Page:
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What are you reading at the moment?
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marietta honeybun



Joined: 08 Dec 2006
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PostPosted: Fri Dec 08, 2006 7:05 pm    Post subject: What are you reading at the moment? Reply with quote

At the moment I am reading 'The Night Watch' by Sarah Waters. Set during and just after the Second World War. Basically a story about four people and how their lives merge through the trials and tribulations of the war years. I'm about half way through and it's been good so far.

Recently read quite a few books by Joanne Harris. 'Chocolat' is my favourite book of hers. Much better and a darker story than the filmed version. 'Five Quarters of the Orange' was also excellent and set during the German occupation of France during WW2.

One I had to give up on and would not recommend was Bill Bryson's 'A Brief History of Almost Everything' - so boring I gave up after chapter 5. Stick to amusing travelogues Bill!! Smile
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PostPosted: Fri Dec 08, 2006 9:12 pm    Post subject: Reply with quote

I'm reading Prey by Michael Crichton, seems pretty good so far. Before this I read Never go back by Robert Goddard which I thought was excellent.
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MajorLondonboy



Joined: 08 Dec 2006
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PostPosted: Sat Dec 09, 2006 11:12 am    Post subject: Reply with quote

Hi Marietta,
If you are enjoying "The Night Watch" you will enjoy "Boys from the Wood" set in a similiar period in the 1940's but seen through a child's eyes in St Johns Wood, London. Sad, amusing and very enjoyable based on true events in the authors life. Living on his wits there are chapters about Lords, London Zoo, meeting the Andrew Sisters, and various other different incidents in each chapter plus flashbacks to the War. Everyone under 50 should read this book to appreciate some of the things we enjoy today but take for granted!
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marietta honeybun



Joined: 08 Dec 2006
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PostPosted: Sat Dec 09, 2006 1:02 pm    Post subject: Reply with quote

Toggy tea slurper wrote:
I'm reading Prey by Michael Crichton, seems pretty good so far. Before this I read Never go back by Robert Goddard which I thought was excellent.
How very strange Toggy. I've just finished Never Go Back and returned it to the library on my recent visit. Excellent indeed. I really like Robert Goddard's books and have read them all now.
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PostPosted: Sat Dec 09, 2006 1:07 pm    Post subject: Reply with quote

I only discovered him realtively recently, I read another one of his a few months ago called Sight unseen. It's very shallow of me but the only reason I bought it was because it had a picture of Avebury stone circle on the cover. Embarassed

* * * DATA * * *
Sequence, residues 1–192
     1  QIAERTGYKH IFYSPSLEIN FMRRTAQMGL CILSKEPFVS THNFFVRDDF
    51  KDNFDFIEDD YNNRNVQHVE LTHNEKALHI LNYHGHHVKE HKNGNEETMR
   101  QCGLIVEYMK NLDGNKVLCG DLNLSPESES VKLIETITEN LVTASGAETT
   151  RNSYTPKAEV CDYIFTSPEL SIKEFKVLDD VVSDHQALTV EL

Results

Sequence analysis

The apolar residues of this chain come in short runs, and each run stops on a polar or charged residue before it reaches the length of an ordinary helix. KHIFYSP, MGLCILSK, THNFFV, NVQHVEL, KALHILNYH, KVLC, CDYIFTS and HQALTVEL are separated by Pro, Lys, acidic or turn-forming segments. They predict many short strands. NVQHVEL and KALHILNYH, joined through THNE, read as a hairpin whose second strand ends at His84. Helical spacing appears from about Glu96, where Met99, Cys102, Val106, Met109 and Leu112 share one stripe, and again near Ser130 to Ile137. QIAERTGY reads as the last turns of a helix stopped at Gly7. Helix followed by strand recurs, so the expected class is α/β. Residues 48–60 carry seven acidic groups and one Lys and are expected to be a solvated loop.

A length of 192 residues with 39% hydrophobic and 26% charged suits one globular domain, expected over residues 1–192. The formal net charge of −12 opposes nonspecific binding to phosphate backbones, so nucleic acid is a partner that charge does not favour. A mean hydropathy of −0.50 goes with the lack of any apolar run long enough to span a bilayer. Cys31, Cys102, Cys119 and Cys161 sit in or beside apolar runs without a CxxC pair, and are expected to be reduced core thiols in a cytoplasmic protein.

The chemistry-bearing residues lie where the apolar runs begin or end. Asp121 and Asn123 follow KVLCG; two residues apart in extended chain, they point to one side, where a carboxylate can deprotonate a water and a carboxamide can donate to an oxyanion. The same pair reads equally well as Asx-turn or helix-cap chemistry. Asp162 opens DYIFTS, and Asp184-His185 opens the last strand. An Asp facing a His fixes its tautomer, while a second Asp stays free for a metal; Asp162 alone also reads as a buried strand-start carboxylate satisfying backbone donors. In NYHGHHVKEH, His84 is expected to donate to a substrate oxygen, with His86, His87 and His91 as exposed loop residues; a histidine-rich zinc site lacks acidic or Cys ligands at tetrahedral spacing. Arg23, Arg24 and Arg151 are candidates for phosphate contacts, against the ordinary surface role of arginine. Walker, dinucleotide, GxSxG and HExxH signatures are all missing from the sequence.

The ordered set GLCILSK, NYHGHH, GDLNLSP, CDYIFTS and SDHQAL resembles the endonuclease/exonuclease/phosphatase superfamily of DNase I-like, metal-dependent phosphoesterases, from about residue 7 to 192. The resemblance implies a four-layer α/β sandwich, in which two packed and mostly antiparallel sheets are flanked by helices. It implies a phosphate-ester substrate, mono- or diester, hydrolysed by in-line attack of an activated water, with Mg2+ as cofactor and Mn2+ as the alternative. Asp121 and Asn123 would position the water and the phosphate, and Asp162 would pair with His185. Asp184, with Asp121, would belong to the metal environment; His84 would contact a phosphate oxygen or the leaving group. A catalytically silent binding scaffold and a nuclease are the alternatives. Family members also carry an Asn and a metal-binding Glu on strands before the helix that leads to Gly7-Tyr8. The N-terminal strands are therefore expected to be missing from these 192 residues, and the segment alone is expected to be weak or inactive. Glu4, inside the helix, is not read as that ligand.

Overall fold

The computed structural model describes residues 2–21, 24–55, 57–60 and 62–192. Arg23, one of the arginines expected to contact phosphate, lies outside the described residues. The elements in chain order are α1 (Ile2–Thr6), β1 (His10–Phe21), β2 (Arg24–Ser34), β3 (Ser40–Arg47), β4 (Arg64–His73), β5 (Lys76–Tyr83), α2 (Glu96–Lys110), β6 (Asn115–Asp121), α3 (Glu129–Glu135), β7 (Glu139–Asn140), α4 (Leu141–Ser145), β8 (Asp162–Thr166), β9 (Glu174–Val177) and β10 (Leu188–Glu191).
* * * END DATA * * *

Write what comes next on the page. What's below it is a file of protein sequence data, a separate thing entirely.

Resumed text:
I'm on the lookout for more of his stuff now.
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DannyButcher
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PostPosted: Sun Dec 10, 2006 10:49 am    Post subject: Reply with quote

I've just finished Mythao Wood by Robert Holdstock. A good change to the normal Fantasy Genre, and tried to continue by reading the next book in the series... but gave up.

I'm now reading a book by Orsonn Scott Card - Wyrms. Only read a few chapters, but so far it seems ok. I have been a fan of Card for some time, and tend to like all of his books too. The man is as prolific a writer as they come.
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marietta honeybun



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PostPosted: Sun Dec 10, 2006 11:09 am    Post subject: Reply with quote

Just re-reading the posts on here. Michael Crichton's "Timeline" was good but I didn't like the movie they made from it. As for the other fantasy books - I did go through a phase and Julian May was the favourite for me at the time. Started with "The Many-Coloured Land" and read that series. That seemed to be the end of my enthusiasm for fantasy!! The only other book I really liked which was in a similar vein was Daphne du Maurier's "The House on the Strand" which (sad to say) I've read four times .... Confused I am definitely not into horror stories of any kind any more. Some genre of books you just seem to "grow out of" as you get older.
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DannyButcher
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PostPosted: Sun Dec 10, 2006 11:13 am    Post subject: Reply with quote

Ohhh.

I'm a sci-fi and fantasy man myself. I got in Moorcock in a big way last year, bought lots of his book, read about 10 of them and then just gave up.

I have four books of Julian May in my to-read pile. But that includes about 6 of Robert Jordans Wheel of time and a whole host of others.

Have to admit though, I haven't heard of Daphne du Maurier's "The House on the Strand."
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Natasha
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PostPosted: Sun Dec 10, 2006 7:54 pm    Post subject: Reply with quote

I've recently started reading 'The Diary of a Nobody' by George and Weedon Grossmith - it's fab.
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Daz_M



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PostPosted: Sun Dec 10, 2006 10:07 pm    Post subject: Reply with quote